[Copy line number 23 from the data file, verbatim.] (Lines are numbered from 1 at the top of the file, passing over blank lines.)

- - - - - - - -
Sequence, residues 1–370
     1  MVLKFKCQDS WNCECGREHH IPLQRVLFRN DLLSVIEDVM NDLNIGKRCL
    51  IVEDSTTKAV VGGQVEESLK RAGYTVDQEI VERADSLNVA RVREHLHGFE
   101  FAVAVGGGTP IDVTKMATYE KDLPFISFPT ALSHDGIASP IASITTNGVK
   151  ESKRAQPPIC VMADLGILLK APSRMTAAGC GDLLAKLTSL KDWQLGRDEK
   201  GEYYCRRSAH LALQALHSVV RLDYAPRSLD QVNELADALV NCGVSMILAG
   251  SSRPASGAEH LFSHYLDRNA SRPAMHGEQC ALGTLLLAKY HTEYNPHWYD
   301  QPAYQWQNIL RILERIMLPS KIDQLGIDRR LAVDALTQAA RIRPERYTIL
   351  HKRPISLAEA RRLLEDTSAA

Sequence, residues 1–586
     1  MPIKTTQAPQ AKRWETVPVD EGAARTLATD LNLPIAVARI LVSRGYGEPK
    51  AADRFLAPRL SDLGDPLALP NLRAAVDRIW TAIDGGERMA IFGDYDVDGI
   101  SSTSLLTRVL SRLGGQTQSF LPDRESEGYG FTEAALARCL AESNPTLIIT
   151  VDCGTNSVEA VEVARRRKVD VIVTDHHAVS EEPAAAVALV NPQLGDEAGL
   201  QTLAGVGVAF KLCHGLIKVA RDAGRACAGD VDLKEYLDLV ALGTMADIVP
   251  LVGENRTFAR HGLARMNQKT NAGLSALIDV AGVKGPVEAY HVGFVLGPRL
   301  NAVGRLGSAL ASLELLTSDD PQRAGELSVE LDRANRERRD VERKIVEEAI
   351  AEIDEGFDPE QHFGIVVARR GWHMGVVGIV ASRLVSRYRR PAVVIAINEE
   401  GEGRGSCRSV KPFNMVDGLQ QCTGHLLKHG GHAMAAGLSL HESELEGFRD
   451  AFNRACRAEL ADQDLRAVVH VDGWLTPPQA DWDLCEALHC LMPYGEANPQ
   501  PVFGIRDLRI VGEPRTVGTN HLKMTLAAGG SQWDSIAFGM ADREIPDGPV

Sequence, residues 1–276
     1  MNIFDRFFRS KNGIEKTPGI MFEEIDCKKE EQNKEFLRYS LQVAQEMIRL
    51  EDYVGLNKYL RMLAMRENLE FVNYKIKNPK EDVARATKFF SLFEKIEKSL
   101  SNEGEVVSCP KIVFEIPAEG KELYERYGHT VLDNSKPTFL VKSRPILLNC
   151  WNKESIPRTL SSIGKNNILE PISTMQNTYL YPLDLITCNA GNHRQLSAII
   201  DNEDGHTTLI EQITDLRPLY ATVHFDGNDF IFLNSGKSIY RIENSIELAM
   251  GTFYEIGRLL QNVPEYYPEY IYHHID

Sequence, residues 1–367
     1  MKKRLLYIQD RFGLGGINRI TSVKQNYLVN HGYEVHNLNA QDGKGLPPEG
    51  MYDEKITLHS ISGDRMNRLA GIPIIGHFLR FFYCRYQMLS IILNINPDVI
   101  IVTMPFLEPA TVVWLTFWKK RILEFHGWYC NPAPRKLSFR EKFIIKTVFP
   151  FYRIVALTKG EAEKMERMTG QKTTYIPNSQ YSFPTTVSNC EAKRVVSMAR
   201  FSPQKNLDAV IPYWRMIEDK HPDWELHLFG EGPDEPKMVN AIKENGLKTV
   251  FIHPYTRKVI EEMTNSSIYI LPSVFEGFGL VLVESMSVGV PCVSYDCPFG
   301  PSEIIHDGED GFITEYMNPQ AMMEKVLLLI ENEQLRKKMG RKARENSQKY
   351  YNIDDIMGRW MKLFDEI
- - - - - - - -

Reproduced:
     1  MNIFDRFFRS KNGIEKTPGI MFEEIDCKKE EQNKEFLRYS LQVAQEMIRL